Robert's Teaching Tip of the Day (Tip 2)
Bond University has recently celebrated its 20th birthday. According to the vice chancellor, Robert Stable, Bond is well on its way to join the Ivy League, Harvard, Yale and Princeton. This, so I read amused, is driven by Bond's epic struggle towards academic excellence. It has definitely nothing to do with any Porsches or Maseratis in the student parking lot.
As I happened to accompany Bond on its Golden Path to enlightenment and have seen the business model from the inside, I have skimmed their tricks of trade in the process. Tricks I'm ready to share with you.
One direct way to excellence is simply to prep students for exams. That is called week 13, actually the week right before the centrally organized exams. This is the week where the students realize that their physical presence in the class room during the trimester may only have subliminal reverberations on their overall performance in the exam.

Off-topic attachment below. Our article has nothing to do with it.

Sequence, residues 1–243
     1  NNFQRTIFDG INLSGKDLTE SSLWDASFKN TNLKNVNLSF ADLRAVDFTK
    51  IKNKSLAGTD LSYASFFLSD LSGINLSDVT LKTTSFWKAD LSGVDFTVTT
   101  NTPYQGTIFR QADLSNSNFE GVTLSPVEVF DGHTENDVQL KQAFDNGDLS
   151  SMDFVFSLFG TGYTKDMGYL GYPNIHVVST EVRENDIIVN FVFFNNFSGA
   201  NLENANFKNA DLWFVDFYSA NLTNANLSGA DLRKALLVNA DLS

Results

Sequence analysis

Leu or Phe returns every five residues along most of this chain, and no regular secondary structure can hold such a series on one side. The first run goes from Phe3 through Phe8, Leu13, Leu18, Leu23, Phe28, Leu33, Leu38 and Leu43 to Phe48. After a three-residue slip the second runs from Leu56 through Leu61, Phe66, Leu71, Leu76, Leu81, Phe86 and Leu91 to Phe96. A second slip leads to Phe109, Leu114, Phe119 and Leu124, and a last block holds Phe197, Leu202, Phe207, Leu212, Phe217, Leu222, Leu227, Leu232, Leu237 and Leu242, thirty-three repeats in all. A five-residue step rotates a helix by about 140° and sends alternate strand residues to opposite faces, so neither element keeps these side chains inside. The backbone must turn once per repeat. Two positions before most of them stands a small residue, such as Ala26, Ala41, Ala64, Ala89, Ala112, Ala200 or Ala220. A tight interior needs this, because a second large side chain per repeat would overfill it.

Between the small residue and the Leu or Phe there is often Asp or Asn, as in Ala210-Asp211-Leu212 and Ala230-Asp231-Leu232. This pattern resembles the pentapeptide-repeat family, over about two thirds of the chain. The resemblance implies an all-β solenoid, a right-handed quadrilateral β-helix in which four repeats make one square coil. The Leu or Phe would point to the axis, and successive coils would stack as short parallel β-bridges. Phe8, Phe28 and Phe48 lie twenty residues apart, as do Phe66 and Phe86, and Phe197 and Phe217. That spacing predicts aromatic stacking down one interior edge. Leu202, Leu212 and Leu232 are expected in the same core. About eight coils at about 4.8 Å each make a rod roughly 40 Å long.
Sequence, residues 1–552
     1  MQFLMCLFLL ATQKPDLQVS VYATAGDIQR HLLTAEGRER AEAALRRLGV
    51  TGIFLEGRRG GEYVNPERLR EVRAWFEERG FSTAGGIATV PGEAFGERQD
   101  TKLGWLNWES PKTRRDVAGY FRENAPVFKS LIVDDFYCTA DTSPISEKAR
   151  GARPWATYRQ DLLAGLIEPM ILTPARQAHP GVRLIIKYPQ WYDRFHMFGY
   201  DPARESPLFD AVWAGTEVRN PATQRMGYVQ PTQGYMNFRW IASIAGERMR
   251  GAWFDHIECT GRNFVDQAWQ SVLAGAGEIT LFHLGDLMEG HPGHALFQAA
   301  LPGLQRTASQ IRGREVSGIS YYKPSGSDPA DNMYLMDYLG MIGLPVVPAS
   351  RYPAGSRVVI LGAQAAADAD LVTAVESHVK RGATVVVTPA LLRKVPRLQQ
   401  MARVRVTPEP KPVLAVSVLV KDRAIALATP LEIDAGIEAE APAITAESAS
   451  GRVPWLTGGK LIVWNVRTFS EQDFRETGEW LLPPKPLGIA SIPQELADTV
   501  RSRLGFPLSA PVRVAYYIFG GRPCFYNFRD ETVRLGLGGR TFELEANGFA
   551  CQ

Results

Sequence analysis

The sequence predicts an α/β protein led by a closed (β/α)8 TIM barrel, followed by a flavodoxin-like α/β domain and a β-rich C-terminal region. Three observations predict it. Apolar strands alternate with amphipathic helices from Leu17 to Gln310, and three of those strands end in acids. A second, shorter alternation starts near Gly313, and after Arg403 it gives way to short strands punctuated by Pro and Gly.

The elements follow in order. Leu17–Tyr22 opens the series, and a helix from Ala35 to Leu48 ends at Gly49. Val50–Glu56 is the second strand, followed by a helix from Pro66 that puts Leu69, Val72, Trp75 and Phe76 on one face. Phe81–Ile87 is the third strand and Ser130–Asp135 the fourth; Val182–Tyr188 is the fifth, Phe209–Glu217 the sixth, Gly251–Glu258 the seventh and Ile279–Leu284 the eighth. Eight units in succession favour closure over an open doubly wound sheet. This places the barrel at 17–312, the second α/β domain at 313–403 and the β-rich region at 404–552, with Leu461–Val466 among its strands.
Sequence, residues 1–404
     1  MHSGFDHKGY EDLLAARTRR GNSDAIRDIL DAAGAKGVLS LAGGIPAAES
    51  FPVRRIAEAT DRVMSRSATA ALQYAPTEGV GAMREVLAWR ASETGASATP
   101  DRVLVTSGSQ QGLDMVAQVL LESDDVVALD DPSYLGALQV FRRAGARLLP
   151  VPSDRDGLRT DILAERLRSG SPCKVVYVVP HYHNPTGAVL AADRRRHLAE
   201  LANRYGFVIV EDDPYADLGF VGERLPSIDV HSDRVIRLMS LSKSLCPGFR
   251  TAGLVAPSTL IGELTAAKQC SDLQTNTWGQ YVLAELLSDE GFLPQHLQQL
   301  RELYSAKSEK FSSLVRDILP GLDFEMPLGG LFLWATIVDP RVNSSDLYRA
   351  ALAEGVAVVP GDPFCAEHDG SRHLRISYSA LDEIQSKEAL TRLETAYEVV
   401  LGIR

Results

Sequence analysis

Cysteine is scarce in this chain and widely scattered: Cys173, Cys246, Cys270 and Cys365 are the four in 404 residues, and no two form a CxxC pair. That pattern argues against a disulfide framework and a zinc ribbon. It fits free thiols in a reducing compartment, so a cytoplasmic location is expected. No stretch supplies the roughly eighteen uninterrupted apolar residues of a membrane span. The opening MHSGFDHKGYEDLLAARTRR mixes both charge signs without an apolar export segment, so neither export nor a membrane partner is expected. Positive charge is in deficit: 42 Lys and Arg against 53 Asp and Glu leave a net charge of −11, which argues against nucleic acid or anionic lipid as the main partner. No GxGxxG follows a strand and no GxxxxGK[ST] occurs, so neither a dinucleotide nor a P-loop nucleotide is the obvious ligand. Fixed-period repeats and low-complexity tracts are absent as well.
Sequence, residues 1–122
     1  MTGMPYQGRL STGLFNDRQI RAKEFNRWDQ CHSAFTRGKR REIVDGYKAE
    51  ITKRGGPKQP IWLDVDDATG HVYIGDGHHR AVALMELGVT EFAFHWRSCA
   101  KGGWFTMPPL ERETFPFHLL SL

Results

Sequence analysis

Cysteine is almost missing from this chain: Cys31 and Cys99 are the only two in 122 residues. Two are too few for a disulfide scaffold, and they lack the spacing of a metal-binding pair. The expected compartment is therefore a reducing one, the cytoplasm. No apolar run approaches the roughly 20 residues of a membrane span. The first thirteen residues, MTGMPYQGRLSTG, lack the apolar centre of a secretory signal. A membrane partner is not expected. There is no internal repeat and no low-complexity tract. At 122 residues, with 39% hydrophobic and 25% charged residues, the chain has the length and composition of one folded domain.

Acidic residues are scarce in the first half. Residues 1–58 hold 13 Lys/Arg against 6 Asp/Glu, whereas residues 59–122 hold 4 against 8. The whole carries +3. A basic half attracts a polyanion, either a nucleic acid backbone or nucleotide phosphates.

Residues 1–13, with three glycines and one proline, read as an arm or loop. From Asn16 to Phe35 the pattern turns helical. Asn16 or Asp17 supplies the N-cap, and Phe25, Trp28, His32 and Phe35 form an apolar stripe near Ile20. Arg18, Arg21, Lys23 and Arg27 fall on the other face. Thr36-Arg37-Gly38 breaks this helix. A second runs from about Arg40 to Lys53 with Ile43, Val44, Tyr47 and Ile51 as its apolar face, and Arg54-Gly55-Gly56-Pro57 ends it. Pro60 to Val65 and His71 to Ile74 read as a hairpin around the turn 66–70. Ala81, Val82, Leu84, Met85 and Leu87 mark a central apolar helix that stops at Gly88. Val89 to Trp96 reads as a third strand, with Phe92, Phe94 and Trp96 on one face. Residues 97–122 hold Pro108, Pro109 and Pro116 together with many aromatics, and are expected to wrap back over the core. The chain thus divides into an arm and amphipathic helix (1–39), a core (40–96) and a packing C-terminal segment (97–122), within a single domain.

Especially for those who did email to you:
Robert, I cannot be in class this month. I'm in Cairns, it's travel time. You understand.
What is unwise - so I learned the hard way - is to let students just digest the material and then test them. It is like watching Maseratis crashing into concrete walls. It's a interesting sound, though.
No, to avoid that students go in full panic mode and to avoid to have a George on your back it is better to proactively use the time to practice the exam, and the exam questions. One at a time, complete with background and solution. That way you push your numbers up.
Still, you should expect unsolicited answers:
Robert, if I wanted to know that, I ask my technician.
Robert, how am I supposed to know that?
Robert, the rest you can answer for yourself.
Some even add a smiley. So when they failed, I added a smiley too.
Prep them. And prep them hard.